Kerala, in the Southern Region of India, was established as a state in 1956 and has a literacy rate of 90.92% (the highest in the country). Kerala has earned itself the unique reputation of being the country’s least corrupt state; the state has witnessed a significant migration of its people to the Middle Eastern countries and the state is uniquely dependant on remittances from its expatriate community. But with a population of close to 32 million (2001) (that is around 6 times the population of Scotland in mid 2009) jam-packed into an area of 15,005 square miles (around half the area of Scotland) one would wonder how could this place ever be conferred the title God’s Own Country – a congested, over populated, over polluted state with the highest literacy rate.

To see God’s Own Country and fully appreciate the beauty that this state holds one must travel to the interiors of Kerala where the real beauty lies.  With its lagoons, backwaters and tropical greenery, Kerala reveals the treasures held within its bosom as one travels deeper and deeper into the rural areas of the state. Tourists flock to this state to experience the exotic surroundings and to partake in the holistic treatments exclusively offered in Kerala, especially Ayurvedic Treatments.

In addition to what it has to offer tourists by way of holistic treatments, Kerala is rich in its biodiversity and is truly a Garden of Eden for the environmentalist . Almost a fourth of India’s 10,000 plant species are found in the state. Almost 24% of Kerala is forested – tropical wet evergreen and semi-evergreen forests, tropical moist and dry deciduous forests and montane subtropical and temperate forests cover the forested landscape of the state. 102 species of mammals (56 of which are endemic), 476 species of birds, 202 species of freshwater fish, 169 species of reptiles (139 of which are endemic) and 89 species of amphibians (86 of which are endemic) roam the state.  As one roams the forests of Kerala, one could easily cross paths with an Indian Elephant, a Bengal Tiger, an Indian Leopard, a Nilgiri Tahr or a Grizzled Giant Squirrel or one could as easily see a King Cobra, viper or python slither past in front of you. And as one looks up to the blue skies through a break in the canopy above, one could as easily see a Great Hornbill, an Indian Grey Hornbill, an Indian Cormorant, a Kingfisher or a Jungle Myna fly overhead.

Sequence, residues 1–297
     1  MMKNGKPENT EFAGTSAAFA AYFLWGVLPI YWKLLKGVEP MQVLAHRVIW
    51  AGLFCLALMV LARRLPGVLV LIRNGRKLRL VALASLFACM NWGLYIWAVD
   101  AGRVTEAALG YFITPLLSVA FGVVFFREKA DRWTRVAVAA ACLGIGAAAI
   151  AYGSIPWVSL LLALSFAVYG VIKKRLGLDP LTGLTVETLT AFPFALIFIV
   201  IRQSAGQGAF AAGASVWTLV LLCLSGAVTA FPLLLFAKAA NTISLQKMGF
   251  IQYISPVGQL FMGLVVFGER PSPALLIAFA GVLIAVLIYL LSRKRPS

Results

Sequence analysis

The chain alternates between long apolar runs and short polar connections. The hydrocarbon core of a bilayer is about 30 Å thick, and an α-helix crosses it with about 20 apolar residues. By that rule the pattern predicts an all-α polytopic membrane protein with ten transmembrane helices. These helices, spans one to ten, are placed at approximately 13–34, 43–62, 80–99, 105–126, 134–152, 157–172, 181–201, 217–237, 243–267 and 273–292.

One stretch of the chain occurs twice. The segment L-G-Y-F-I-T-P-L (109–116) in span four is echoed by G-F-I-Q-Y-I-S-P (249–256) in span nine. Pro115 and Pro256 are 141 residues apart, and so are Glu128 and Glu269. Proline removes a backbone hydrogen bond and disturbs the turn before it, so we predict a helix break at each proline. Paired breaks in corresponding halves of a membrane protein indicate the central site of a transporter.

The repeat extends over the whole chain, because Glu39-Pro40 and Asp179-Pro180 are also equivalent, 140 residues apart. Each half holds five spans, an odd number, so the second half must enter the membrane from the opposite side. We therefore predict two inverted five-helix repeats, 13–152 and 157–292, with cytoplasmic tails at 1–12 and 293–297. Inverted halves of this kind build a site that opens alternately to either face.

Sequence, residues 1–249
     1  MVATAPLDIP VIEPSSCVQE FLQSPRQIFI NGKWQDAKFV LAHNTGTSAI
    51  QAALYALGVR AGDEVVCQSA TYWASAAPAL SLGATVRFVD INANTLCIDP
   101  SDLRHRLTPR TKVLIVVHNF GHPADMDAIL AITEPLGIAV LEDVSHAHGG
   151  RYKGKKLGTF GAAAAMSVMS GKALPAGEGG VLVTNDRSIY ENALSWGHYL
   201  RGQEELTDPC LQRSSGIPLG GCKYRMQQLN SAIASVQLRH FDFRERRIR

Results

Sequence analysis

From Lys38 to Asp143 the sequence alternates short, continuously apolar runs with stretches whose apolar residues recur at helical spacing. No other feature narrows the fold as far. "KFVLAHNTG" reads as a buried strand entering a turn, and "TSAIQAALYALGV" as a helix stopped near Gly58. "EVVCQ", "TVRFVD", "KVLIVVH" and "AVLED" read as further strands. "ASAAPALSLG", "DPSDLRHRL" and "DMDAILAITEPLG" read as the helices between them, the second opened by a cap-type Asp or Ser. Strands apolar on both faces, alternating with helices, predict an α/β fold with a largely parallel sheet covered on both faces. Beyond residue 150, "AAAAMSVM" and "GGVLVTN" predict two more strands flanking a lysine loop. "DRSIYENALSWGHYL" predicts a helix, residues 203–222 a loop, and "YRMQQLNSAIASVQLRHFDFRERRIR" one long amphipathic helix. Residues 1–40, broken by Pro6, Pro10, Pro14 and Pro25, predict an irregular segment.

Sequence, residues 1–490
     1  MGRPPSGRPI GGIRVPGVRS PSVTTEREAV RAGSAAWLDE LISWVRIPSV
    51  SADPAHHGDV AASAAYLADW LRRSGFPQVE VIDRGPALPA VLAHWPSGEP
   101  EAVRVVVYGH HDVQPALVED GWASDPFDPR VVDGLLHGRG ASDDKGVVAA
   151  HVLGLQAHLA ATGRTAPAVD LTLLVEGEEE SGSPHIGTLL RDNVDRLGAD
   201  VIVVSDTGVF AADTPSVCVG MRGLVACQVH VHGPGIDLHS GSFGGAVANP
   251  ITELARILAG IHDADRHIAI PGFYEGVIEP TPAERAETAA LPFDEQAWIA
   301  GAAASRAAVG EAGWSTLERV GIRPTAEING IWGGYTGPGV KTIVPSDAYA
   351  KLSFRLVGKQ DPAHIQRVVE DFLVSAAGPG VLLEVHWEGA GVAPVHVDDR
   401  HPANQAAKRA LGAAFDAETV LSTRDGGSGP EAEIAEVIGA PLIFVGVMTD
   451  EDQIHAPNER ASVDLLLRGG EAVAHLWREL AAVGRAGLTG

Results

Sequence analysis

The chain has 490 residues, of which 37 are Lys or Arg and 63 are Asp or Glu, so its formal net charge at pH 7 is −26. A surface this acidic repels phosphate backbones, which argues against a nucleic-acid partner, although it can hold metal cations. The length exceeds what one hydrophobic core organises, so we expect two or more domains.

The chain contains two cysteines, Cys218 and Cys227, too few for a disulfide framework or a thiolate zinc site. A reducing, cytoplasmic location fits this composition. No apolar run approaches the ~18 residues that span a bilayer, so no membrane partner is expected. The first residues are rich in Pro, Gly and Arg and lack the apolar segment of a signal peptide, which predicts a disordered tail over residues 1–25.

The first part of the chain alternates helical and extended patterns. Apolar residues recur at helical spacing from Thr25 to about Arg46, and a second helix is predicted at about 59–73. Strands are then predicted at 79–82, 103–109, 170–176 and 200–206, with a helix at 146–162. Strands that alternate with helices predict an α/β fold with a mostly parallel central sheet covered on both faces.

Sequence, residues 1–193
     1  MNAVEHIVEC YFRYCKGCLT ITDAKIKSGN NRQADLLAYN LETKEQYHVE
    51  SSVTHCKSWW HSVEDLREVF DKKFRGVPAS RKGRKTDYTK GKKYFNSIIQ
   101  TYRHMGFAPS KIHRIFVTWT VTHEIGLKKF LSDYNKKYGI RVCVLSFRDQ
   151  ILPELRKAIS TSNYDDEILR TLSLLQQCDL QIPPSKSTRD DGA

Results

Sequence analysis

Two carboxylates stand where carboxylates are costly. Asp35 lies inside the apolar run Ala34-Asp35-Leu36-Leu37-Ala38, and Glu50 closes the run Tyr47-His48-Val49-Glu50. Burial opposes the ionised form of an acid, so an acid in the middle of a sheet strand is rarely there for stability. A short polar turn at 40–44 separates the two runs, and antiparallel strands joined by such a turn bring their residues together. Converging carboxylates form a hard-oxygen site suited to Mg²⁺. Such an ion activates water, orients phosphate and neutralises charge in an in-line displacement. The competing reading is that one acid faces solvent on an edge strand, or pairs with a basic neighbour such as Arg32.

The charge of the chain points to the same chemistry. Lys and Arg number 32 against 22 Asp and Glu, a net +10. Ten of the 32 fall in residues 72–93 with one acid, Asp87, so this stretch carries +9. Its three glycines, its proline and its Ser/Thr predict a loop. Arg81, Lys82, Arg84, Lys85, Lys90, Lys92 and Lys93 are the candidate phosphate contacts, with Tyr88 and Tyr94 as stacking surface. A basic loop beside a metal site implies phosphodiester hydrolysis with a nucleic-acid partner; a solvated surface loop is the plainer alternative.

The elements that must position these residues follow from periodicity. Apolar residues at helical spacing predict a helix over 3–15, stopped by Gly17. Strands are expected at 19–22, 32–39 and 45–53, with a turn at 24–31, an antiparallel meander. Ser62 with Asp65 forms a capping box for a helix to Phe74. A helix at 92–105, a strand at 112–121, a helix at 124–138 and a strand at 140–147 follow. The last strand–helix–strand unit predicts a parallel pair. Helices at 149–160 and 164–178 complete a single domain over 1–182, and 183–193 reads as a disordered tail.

You feel life all around you as you walk through the thick vegetation – the constant sound of crickets, the song of birds in the air, the rustling of leaves on the forest floor as something slithers or scurries past you, the sweat on your brow and the heat and humidity in the air – all goes to offer you a true sense of the Tropics – a true sense of God’s Own Country.

To see all the images** in this set, please click the link below:

http://koshy.smugmug.com/Places/Gods-Own-Country/12914964_TPxu6#933227701_XRiUa

http://koshy.smugmug.com/Places/Gods-Own-Country-1/12927694_FA8mk#934391875_3Znan

Till next time, take care and gallop free.

* – This is Malayalam – the local language spoken in Kerala. If you haven’t noticed, the word “Malayalam” is a palindrome.

** – images taken with the Canon 50D.

Ride with the Black Stallion: www.blackstallionphotography.co.uk